To be honest, before reading this article, I have never considered about the possibility of fostering language learning and writing skills by reading or writing fanfiction. Although I am also a big fan of fanfiction and usually read fanfiction texts for pleasure, I never regard these kinds of texts actually can be useful learning materials that help develop certain skills. The case study of Nanako in this article reminds me of my younger brother who is also a big fan of Japanese animation. Unlike Nanako, my brother only reads fanfiction and he seldom write one online. Still, his great passion of Japanese fanfiction becomes a powerful impetus for his learning Japanese. I should say that my brother has never been a good language learner and English is his biggest problem, but I am surprised by his fluency in Japanese which is way better than mine. Actually my second foreign language is exactly Japanese and I learn it with teacher’s instruction on campus. Now I realized that imperceptibly influenced by drawing on those fanfiction texts could be an effective way to improve language learning and writing skills. Another thing that this article reminds me is the importance of achieved identities for a language learner.  I used to position myself in out-of-school spaces (internet) as a seeker for fun, and this identity thus prevent me to learn via online resources. Luckily, my prejudice against the online space was eliminated upon graduation in high school. Now I became much positive about the notion of achieved identities and the possible positive effects of blogging.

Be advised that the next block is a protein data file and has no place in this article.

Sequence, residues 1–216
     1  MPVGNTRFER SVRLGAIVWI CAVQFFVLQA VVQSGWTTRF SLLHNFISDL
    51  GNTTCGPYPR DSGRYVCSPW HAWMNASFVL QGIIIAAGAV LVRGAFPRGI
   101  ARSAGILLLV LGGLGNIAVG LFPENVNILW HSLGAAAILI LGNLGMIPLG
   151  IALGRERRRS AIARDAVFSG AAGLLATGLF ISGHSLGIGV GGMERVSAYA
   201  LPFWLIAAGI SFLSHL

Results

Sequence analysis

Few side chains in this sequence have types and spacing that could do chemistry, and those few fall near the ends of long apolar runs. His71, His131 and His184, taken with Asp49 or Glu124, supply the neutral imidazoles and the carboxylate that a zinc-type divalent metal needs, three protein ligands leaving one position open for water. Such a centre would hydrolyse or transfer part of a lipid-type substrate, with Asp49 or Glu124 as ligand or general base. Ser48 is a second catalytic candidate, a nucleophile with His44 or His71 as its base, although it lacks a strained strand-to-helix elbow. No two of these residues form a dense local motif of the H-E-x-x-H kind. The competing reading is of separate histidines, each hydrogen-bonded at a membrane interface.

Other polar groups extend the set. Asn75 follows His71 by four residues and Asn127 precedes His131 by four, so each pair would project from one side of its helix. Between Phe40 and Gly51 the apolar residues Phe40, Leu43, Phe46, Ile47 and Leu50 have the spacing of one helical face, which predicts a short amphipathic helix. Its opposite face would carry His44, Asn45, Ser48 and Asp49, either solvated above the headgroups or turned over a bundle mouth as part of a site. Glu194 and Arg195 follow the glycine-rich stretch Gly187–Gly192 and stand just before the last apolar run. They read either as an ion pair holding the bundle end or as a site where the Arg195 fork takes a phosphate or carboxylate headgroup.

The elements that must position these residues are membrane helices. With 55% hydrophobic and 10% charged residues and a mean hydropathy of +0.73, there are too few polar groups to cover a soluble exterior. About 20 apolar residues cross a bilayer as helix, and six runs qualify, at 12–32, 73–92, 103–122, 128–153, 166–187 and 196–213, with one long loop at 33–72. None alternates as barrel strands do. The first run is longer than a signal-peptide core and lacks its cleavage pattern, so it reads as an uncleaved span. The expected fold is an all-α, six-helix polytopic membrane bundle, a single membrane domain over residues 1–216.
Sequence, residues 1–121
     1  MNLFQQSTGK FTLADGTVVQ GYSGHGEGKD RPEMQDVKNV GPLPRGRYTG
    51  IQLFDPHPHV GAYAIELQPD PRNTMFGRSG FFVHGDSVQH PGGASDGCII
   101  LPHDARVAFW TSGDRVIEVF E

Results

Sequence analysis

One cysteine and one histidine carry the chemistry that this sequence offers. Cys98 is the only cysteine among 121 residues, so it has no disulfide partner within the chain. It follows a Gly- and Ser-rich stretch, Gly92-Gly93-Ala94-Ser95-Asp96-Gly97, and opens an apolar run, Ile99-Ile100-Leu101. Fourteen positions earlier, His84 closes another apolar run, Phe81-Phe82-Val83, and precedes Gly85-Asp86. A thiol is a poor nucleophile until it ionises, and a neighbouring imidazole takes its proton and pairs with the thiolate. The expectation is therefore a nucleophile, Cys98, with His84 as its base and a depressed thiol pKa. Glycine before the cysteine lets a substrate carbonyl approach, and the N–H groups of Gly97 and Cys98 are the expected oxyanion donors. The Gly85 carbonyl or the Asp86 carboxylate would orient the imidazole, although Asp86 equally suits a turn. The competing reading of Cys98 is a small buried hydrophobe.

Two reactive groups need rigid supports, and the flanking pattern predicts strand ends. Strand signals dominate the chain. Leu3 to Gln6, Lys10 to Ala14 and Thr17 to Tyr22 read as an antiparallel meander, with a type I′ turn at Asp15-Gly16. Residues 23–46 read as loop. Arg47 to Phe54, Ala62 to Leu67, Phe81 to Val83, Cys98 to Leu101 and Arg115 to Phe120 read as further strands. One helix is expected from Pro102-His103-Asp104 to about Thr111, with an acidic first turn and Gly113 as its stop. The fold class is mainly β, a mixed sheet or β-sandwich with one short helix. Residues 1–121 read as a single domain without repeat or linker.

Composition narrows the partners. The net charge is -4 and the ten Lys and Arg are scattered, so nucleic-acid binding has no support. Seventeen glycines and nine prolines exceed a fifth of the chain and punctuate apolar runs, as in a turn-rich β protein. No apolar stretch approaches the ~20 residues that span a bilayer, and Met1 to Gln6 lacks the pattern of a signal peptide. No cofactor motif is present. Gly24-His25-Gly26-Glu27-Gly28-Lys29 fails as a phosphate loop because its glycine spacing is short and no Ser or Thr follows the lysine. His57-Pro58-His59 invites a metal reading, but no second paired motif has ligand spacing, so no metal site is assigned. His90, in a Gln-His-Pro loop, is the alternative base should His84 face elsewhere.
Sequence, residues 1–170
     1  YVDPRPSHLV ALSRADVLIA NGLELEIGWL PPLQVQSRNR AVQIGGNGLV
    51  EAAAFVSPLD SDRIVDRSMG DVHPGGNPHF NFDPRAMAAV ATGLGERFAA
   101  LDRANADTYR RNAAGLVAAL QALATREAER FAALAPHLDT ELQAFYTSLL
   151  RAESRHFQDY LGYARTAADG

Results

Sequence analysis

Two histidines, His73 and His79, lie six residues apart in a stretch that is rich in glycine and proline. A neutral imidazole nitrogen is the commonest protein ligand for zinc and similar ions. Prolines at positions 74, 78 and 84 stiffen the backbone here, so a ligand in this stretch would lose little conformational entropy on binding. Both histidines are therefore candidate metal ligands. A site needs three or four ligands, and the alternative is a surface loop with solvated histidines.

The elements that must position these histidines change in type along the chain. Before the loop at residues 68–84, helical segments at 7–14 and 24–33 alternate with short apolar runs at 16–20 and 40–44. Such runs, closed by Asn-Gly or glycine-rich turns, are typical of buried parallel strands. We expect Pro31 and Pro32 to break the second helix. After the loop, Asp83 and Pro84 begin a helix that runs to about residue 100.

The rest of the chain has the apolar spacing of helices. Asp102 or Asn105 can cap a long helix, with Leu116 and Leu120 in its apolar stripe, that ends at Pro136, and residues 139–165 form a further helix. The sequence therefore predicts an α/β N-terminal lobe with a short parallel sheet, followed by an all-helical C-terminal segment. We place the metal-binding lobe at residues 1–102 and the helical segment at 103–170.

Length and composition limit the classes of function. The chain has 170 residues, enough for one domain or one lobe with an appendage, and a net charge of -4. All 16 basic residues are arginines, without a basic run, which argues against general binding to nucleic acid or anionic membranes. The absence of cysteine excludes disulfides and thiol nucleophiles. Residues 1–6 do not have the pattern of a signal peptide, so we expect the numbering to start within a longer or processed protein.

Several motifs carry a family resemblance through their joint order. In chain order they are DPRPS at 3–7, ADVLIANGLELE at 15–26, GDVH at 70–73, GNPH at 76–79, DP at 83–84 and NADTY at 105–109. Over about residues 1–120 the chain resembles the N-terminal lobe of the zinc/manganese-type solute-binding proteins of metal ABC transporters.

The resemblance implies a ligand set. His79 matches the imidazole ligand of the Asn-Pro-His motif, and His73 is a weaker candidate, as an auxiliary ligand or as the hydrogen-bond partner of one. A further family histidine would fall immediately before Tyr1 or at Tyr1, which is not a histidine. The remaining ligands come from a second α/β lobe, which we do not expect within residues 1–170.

Reflect upon Productive Pedagogies by Jakie Marsh